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Singapore's population challenge in a nutshell

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Madam Wong is a fiercely independent lady. Even at the age of 90, she insists on making a daily trip to her neighbourhood NTUC Fairprice supermarket to pick up some groceries, or just to take a look at the latest produce. On the way, she is sure to stop by the local coffee shop to chat with her friends, seniors who share the same spirit of independence and are out and about, despite getting along in years. Their conversations could be about the latest plot twist in a television drama, updates on their family members, or reminiscing about how things have changed over the years.

You would have encountered groups of such seniors around your neighbourhood, which will become a more common sight as Singapore’s population ages. The reason for an ageing population may seem self-evident, but is actually the result of two intertwined trends at the heart of Singapore’s population challenge — increasing life expectancy and low fertility rate.

Two trends, one tricky situation

So what exactly do these two trends mean?

On one hand, life expectancy in Singapore is on the rise, meaning that Singaporeans are living longer. This reflects a higher standard of living and affluence, and is a good thing, especially if our seniors can remain in good health and continue to be actively involved in the family, community, or even at the workplace.

At the same time, Singapore’s fertility rate – simply put, the average number of children women will have in their lifetime – remains low, with couples marrying later and having fewer children. Low fertility rates are not unique to Singapore, as many countries often deal with how to sustain and improve fertility rates as they become more developed.

Putting these together, at a population level, there will be more seniors than working adults or children in our midst. Current estimates suggest that the number of senior citizens (aged 65 years and above) is set to double by 2030.

Sizing up the potential impact of ageing

One way population ageing is measured is Old-Age Support Ratio (OASR), the ratio of those in working age (20 – 64 years) to those who are older (65 years and above). As a topline statistic, it has its limitations of course – in reality, not everyone 65 and above has stopped work; and likewise among those 20 – 64 years old, not all are working. Read more.

But hold your horses! The outlook may not necessarily be a gloomy one for us, if we consider Singapore’s specific situation, for three reasons:

1. Opportunities amidst population ageing. 

Assumptions of what ageing entails are increasingly overturned – many of our seniors, especially baby boomers, choose to continue working, and are staying active well into their later years. Hence, even as we prepare for the needs of an older population, there are opportunities ahead for employers and businesses; and room for society to grow, and for communities and families to come together.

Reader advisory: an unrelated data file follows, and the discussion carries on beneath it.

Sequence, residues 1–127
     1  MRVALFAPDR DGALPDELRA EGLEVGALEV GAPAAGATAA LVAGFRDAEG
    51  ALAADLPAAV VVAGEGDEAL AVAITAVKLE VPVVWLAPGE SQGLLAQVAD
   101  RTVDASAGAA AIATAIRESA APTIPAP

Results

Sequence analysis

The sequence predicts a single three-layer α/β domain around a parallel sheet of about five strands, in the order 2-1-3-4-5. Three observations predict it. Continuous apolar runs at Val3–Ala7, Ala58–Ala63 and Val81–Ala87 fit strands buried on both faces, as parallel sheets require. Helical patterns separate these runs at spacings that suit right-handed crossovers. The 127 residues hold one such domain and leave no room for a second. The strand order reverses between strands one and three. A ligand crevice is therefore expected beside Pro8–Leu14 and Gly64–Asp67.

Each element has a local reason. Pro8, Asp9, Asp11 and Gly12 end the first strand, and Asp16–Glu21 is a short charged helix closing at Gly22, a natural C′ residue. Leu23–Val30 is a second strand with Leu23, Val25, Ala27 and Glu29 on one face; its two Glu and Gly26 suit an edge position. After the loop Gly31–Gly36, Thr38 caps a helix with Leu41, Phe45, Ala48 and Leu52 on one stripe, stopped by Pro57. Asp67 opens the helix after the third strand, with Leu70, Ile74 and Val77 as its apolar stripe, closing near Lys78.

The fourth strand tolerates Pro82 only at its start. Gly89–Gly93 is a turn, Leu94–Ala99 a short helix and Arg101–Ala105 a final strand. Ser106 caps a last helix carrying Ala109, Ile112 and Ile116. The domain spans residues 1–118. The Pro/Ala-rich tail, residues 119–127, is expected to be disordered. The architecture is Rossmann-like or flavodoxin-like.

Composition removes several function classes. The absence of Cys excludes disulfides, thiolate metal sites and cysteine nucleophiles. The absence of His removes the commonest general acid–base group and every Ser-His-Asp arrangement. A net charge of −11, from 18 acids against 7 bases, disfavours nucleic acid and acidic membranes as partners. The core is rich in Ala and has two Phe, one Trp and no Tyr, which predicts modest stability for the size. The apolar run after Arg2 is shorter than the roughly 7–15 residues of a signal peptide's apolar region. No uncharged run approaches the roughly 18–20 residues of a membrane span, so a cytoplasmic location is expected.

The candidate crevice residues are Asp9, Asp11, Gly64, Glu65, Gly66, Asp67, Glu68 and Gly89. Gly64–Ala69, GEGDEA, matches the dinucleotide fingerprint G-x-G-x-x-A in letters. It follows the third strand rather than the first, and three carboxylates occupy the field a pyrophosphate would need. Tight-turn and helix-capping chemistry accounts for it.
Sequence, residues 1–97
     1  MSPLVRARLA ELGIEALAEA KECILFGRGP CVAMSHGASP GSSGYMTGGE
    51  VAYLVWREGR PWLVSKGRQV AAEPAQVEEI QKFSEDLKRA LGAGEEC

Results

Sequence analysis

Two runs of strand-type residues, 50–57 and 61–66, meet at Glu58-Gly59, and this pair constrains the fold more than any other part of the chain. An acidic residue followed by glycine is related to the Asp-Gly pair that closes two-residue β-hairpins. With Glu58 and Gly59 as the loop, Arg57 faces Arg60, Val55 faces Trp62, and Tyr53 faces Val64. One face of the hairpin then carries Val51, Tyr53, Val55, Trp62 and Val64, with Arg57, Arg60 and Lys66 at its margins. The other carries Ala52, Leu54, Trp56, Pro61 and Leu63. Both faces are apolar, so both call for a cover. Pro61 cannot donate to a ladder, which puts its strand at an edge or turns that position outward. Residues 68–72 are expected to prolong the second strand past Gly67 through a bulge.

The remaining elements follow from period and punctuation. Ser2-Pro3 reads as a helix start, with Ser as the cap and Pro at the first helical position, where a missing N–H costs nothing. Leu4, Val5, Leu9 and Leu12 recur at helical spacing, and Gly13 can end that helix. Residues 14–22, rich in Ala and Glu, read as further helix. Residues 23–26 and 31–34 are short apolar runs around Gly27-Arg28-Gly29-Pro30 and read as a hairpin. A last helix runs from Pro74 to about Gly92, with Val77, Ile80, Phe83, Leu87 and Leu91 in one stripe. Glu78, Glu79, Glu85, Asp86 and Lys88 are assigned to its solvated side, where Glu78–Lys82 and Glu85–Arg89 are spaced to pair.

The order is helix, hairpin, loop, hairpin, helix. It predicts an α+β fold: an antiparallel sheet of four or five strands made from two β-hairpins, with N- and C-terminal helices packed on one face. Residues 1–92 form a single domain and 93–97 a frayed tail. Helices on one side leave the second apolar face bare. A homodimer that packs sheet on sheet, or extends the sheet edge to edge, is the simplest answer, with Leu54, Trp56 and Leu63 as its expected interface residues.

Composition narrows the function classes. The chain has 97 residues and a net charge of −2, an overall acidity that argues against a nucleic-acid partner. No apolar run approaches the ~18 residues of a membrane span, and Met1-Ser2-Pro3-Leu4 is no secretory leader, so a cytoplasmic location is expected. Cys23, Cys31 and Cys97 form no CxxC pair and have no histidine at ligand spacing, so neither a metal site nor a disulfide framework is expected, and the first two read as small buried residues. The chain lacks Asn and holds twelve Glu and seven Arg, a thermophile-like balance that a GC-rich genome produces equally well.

2. Moving towards a more family-friendly Singapore.

Many couples in Singapore still desire to have children, and today’s dads are keen to be actively involved in parenthood. There are measures to support couples in the different stages of their marriage and parenthood journey. All in all, these measures help to make Singapore a great place for families.

A bright spot in Singapore's birth rates?

It’s still early days, but there are encouraging signs that things may be looking up where Singapore’s low birth rate is concerned. Read more.

3. Singapore remains open for business.

What does the economy have to do with rising life expectancy and low fertility rates? As it turns out, quite a lot! A calibrated foreign workforce policy supports economic growth, which in turn creates jobs for Singaporeans – for seniors, they can remain at work should they wish to do so; and couples have added stability and security to start families.

Holding fast to the things that matter most

There are undoubtedly pressures that Singapore faces with the twin trends that make up our population challenge. In other countries, this has whipped up controversy, and become a divisive issue that fragments societies – between people of different generations, income backgrounds, or ethnicity; whether it is to do with who foots the bill for rising healthcare costs, or who is welcome to stay and who must go.

Even as we face these tough decisions – finding the balance between economic and social, and reconciling the diversity of views – the deeper challenge may be in keeping Singapore society together, and holding on to what makes Singapore special. Fairness, respect, mutual understanding and trust are essential tools that will help us to bridge differences and bring people together, even as our population story, and Singapore’s story, continues to unfold.

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